Solar Entrepreneur's Handbook
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Since the 1970's small business owners have been operating Solar Energy Businesses in so called Western countries like The USA, Australia, Europe and Canada. Many of these businesses started by supplying stand alone power systems to houses which were not connected to the local electricity grid. Some of these were holiday houses but many were houses where people lived permanently and the grid was many miles away. Prior to the 1970's these houses obtained their electrical energy from fuel driven generators typically using diesel or gasoline (petrol).
In Australia, USA, Canada, Europe and other similar countries there are now many profitable businesses that are designing, selling, installing and maintaining systems for remote houses. In many cases these businesses have grown to supplying professional systems like telecommunication sites, cathodic protection systems and also grid-connected systems.
To survive, these small businesses require knowledge in the technical aspects of renewable energy and the skills in operating a successful business.
During this same period a number of commercial solar businesses have operated in so called developing countries. These businesses identified the need to provide power to the remote communities within their respective countries. The difference between the "western businesses" and "developing country" businesses were the size of the systems supplied. In general the largest market in the developing countries was one or two module "Solar Home Systems". Though only small systems the potential demand for these products in some countries is hundreds of thousands.
The World Bank estimates that there are 2 billion people in 400 million houses, which do not have access to grid electricity. During the last 25 years there have been many government or donor funded "demonstration" systems installed to show how solar power can meet the needs of the people in rural areas who are not connected to the grid. Unfortunately in many cases these projects are not working today due to the lack of suitable maintenance or the inability to have equipment repaired or replaced when it has failed.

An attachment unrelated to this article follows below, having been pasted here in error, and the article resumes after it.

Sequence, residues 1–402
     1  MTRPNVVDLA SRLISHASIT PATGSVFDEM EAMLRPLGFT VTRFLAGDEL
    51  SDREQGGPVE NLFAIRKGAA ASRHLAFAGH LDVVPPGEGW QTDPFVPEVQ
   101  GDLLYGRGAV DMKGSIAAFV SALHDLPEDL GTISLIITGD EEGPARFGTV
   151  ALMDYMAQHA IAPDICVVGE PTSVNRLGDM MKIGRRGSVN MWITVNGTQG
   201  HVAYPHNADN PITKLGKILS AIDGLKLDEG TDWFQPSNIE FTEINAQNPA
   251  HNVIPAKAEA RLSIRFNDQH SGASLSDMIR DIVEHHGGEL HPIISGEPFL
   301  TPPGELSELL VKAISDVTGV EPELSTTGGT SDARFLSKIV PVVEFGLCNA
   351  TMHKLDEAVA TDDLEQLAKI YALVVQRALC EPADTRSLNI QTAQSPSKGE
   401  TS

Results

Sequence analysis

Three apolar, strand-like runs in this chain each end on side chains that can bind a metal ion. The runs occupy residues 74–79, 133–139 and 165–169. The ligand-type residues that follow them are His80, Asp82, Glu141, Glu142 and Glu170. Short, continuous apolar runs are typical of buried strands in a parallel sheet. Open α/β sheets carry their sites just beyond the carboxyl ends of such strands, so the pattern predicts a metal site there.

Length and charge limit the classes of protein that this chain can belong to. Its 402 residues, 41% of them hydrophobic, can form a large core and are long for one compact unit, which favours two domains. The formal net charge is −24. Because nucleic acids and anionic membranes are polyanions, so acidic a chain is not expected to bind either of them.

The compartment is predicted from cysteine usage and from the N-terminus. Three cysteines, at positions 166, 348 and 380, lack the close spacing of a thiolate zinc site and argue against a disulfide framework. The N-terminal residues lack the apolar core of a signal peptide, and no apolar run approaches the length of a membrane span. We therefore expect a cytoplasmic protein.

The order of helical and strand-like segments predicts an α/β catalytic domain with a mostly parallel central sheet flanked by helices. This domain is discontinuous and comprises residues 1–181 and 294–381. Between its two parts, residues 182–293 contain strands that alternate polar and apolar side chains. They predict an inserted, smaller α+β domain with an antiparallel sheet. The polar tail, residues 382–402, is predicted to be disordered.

However, few of the more successful private-sector driven programs have had no choice but to establish best practices in marketing, selling, designing, installing, training end-users and providing after sales service, in order to grow the business. They have also learned many lessons from past "demonstration" project experiences.
Yet, these experiences are isolated and not common knowledge. It is more because of the challenges and barriers to doing business in rural areas of developing countries. The businesses have to be operated in a decentralised manner, just like the technology. The resulting transaction costs are high in the short term, but in the long term, a huge market exists for businesses entering the market.
These problems and barriers have been recognised and many rural electrification programs (using PV) are now incorporating suitable training for the installation, maintenance and soft skills for selling and nurturing customers.
Though this is an improvement it does not go far enough.
It has been identified that to be effective, a rural electrification program should facilitate the people using the energy to contribute towards income generation activities.
Examples of income generation include:
In addition to the new PV solar systems providing the end-user the opportunity to generate income the technicians who are trained to install the system and maintain the system should turn these skill into a business. They therefore generate an income by supplying the service of installation and maintenance. This has to be complemented with marketing and selling skills. This business at the end of the day is about people and relationships. The technical skills have to be complemented by the soft skills to ensure long-term success.
These people need similar skills to the solar business operator in countries like the USA, Australia and Europe.
This book brings together all the skills required to run a successful solar business in either a rural area or in a city. It is aimed at the person who wants to start a new renewable energy business in a developing country. It provides all the basic information required to get started. It also provides information on how to grow your business and to develop your technical skills and business skills further.